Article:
The old adage, “Beauty is in the eye of the beholder,” is surely evident in how Matt Malone, S.J., views the Basilica of Santa Maria Maggiore (Of Many Things, 2/9) compared with how this reader views it.
Father Malone sees ageless beauty that has stood “among the rubble of man’s broken dreams...since 400 A.D.” I see a symbol of the church’s blatant disregard for the broken dreams of the victims of sexual abuse by members of the clergy. When Cardinal Bernard Law of Boston resigned in disgrace after the revelations of rampant sexual abuse and his role in the subsequent hierarchical cover-up, the cardinal was relocated to Rome, where he was awarded the parish of Santa Maria Maggiore. Outer beauty often hides the rot beneath.
In the blog post “A Christian Response to Alzheimer’s” (In All Things, 3/18), Sidney Callahan describes the suffering and challenges experienced by those with the degenerative disease and their caretakers and asks what spiritual preparation they might seek. Readers respond.
Even through the painful process of dementia, people are loveable and need to be treated with dignity. I suggest that anyone with this diagnosis work with family and friends to make a “memory book.” Using the skills of surface reading and looking at pictures, which are usually preserved well into the progression of Alzheimer’s, memories can be triggered, attention can be focused on something pleasant and meaningful, production of meaningful language can be stimulated, and caregivers can be reminded of the dignified life of a patient who is severely disabled by memory loss.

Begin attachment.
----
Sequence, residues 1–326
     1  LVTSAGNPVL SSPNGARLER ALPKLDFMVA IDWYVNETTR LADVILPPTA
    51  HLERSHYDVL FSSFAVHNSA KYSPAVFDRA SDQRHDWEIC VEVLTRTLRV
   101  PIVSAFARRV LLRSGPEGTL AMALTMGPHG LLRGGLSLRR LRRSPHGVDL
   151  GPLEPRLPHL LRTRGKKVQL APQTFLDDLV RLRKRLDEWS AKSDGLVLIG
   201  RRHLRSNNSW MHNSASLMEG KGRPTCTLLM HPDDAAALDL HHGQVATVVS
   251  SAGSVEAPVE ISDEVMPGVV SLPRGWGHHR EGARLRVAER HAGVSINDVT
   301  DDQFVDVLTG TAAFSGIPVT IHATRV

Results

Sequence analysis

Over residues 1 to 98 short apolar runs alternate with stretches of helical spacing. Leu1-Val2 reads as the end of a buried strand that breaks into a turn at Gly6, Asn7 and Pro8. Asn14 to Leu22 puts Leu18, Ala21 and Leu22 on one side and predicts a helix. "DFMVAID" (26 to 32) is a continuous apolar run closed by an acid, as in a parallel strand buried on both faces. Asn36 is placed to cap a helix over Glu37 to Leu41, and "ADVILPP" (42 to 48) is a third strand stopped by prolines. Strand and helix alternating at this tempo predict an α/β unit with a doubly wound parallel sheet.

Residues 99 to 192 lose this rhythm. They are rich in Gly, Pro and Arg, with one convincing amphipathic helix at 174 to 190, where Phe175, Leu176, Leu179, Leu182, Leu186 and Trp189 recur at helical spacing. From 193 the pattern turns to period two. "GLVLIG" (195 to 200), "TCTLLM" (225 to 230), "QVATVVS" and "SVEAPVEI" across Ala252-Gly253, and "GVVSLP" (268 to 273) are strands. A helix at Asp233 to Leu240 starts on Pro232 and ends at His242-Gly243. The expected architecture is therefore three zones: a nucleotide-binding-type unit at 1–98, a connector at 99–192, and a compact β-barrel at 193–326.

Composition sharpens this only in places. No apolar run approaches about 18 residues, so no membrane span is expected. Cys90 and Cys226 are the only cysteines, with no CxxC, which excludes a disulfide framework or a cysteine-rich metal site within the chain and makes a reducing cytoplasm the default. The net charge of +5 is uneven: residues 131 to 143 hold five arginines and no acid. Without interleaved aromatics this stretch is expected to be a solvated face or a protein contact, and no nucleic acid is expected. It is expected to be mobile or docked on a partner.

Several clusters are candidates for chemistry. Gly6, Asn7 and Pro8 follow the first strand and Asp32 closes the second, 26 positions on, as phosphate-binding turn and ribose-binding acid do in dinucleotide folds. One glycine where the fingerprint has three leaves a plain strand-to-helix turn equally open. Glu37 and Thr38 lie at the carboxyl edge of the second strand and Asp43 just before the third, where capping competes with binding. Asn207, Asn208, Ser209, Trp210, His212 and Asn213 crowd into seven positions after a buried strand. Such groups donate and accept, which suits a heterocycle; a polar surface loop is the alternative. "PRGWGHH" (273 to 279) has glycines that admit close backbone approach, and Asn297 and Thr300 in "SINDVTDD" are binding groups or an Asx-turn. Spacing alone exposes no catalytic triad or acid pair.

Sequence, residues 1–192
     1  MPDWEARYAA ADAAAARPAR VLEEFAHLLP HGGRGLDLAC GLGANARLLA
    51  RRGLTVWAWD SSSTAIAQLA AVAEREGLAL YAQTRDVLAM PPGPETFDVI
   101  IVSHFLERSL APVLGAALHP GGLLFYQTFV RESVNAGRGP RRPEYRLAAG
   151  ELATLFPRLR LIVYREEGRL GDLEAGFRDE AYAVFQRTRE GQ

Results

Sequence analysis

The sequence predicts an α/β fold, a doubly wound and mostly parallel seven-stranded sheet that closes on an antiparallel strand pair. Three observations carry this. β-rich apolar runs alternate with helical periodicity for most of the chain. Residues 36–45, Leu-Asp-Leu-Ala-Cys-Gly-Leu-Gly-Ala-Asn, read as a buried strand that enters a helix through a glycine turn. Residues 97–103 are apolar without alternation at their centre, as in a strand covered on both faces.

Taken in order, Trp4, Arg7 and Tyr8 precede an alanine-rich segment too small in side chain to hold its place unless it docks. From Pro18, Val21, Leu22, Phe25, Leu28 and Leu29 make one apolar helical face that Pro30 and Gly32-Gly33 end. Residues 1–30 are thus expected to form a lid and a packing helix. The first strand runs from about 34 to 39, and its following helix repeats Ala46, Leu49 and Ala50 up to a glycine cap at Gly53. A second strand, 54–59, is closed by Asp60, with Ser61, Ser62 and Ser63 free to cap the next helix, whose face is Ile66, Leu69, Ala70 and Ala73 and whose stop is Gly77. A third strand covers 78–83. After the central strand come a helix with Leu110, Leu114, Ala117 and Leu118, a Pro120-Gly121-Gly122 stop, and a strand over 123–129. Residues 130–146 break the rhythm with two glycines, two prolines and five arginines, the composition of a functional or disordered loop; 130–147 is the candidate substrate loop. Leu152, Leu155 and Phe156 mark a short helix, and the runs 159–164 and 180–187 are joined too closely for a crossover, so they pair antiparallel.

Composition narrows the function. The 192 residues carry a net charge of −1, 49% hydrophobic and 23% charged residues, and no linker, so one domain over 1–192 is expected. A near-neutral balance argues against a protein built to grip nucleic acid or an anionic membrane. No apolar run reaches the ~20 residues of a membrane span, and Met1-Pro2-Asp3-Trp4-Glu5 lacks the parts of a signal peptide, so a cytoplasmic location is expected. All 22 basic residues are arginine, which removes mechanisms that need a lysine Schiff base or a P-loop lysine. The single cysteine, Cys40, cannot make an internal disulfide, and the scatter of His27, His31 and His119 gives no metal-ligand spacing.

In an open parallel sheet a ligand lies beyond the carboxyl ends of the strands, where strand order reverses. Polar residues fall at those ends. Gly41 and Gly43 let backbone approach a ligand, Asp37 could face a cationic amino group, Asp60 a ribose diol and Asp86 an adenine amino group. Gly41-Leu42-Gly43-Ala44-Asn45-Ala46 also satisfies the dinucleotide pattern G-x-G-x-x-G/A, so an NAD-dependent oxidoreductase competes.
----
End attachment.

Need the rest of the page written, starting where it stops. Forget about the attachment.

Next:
I recommend taking St. Albert the Great as a patron (both persons diagnosed with Alzheimer’s and family and friends). He will surely care. Albert, doctor of the Church, teacher of St. Thomas and the man who “had read and knew everything,” died with Alzheimer’s or some other illness that caused all his memory to disappear.
My father died from Alzheimer’s. He was a brilliant chemical engineer. It was a painful “long goodbye,” as Patty Davis called it in her book about President Reagan. The miracle of it was that in the end, after he had forgotten everything, he could still say the Lord’s Prayer with me and tell me he loved me. He taught me that our true essence is love, and that will never go away. Love is who we really are, and love never dies.